Sam Cha


Are you outraged, sometimes, that there is no word for each thing. That the world presses into you each moment and you cannot accept it, cannot make it yours, and yours alone. Cannot make it stay. That at one moment there is light and the pressure of light on your skin and there is the movement of leaves and there is the movement of sparrows and there is the single feather falling and there are the changing shadows of cars and there are the shingles on the roof of the house that has seen two hundred years and there are the four children walking hand in hand who have seen four years and there is the man strapping his hurdy-gurdy and the movement of legs legs and the changing reflections of the people on the map and there is the yellow triangle of the patio umbrella and there are red shoes and there is the woman folding her newspaper and there is the hard key under your finger and there are the black stripes of branches and the slow saunter of a drunk and there are veins on his nose that are like the veins of your swimming instructor from twenty years ago who is surely dead or dying and far away and there is the ocean and there are the waves on the ocean and each of them each of them moving and falling and nobody sees them except satellites and Google. And none of it will stay. And the world the world is vast and tiny and each speck of dust tumbling here and tickling against your nostrils is ash from some great fire burning lonely in the dark as the devil or god. And each brick in each wall was heated in fire until the grains of clay fused and ran and the stuff of the mortar holding them together grew once in shells in a warm sea far away and the gravity that makes each of them want to fall ripples outwards endlessly in time. What are you equal to? Not the clay, not the bricks, not the world. Have you earned the feather? That dappled thing? Can you take it home?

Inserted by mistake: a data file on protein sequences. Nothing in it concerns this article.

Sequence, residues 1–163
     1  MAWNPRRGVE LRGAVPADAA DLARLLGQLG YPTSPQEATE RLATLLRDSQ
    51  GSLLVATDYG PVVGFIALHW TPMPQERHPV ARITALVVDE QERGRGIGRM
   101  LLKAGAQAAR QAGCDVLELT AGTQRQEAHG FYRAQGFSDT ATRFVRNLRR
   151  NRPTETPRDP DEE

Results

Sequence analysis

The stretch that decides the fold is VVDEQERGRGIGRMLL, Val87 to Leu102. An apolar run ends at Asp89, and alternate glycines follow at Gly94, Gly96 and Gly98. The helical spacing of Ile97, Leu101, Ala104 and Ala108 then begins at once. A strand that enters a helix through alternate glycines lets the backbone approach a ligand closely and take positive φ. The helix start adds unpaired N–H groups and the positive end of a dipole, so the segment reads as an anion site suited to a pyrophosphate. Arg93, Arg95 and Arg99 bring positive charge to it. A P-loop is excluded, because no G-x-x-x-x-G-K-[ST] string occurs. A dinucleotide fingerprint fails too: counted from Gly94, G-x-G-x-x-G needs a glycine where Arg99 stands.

Two things, I guess.

i) I like the idea of ekphrasis. But when I sit in front of a painting and look at it and try to write a poem, I don't, usually, like what I get. One day I had a moderately bright idea, approximately 20 lumens maybe. I'd try to do an ekphrasis of a city. (Cities are art, I think.) (Yes, yes, Paterson—I get ideas when I'm able to temporarily forget what people have done before me. Learning is anamnesis; creativity is re-amnesis. ) So I tried that for a bit. This poem's one of the pieces of it.

ii) I don't see a lot of poems that end with questions. Why is that? I like questions. I like questions with poems in them or vice versa. So I've been writing a lot of word problems.